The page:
There has been some modest progress since the resolution passed. This week, the U.N. World Food Programme said it had delivered enough food for 33,000 people for one month in areas around Damascus that had not been reached for more than eight months.
It was not clear if this was a direct result of the resolution. Syria's public response has been mixed, but a flurry of stories on state media this week on successful aid operations shows the government at least wants to show its commitment.
The foreign ministry said on Sunday it was ready to cooperate but on the basis of "respecting national sovereignty" and added that the "Syrian government has always worked on performing its duties of providing the basic requirements to its citizens".
One particularly contentious issue cited by United Nations aid workers in private is a refusal by Damascus to allow cross-border operations from Turkey, which is opposed to Assad, to bring aid directly into rebel-held areas around Aleppo.
At the moment, convoys from Damascus U.N. operations have to cross active front lines to reach northern rebel-held areas.
The resolution demands "rapid, safe and unhindered humanitarian access for United Nations humanitarian agencies ... including across conflict lines and across borders".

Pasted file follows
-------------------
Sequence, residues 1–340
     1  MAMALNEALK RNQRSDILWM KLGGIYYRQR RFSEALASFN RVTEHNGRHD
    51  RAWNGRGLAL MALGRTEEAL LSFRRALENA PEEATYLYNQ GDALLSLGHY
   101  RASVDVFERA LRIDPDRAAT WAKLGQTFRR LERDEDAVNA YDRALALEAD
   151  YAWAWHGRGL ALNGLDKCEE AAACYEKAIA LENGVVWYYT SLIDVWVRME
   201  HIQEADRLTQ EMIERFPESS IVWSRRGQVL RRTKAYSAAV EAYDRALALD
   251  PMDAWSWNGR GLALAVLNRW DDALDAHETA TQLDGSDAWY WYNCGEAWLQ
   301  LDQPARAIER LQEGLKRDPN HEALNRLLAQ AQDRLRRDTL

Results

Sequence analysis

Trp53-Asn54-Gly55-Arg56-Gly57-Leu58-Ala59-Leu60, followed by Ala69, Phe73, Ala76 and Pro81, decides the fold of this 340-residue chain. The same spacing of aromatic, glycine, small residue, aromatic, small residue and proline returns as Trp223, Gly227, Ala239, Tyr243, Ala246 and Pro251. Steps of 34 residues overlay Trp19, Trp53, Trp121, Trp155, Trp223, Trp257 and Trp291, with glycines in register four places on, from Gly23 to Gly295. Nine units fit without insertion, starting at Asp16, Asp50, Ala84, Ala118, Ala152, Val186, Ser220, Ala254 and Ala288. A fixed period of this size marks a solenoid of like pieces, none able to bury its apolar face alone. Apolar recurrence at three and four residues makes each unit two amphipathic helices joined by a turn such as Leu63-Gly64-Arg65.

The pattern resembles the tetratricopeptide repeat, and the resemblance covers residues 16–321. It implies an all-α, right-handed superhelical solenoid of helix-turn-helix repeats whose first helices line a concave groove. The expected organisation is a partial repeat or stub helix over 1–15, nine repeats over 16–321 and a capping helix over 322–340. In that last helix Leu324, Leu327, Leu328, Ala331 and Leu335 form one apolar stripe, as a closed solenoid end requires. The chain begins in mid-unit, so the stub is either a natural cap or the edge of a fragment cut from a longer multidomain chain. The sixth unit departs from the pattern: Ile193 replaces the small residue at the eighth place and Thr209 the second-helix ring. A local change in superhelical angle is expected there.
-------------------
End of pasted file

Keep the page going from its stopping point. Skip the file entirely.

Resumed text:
The regional aid worker said moving aid in from Turkey would be a massive step. "The critical question is cross-border deliveries."
U.N. Secretary-General Ban Ki-moon and top U.N. agency chiefs are due to brief the U.N. General Assembly on the humanitarian situation in Syria later on Tuesday, and Ban will report to the Security Council in a month on the implementation of the resolution.
Opposition activists have already accused the army of breaching another point in the resolution that demands an end to indiscriminate shelling and aerial attacks.
They said air raids on rebel-held towns across Syria killed 26 people on Monday, and the Syrian Observatory for Human Rights, a UK-based pro-opposition monitoring group, said four children had been killed on Monday in Aleppo by barrel bombs, improvised munitions that can flatten entire buildings.
Additional reporting by Stephanie Nebehay in Geneva and Michelle Nichols at the United Nations; Editing by Will Waterman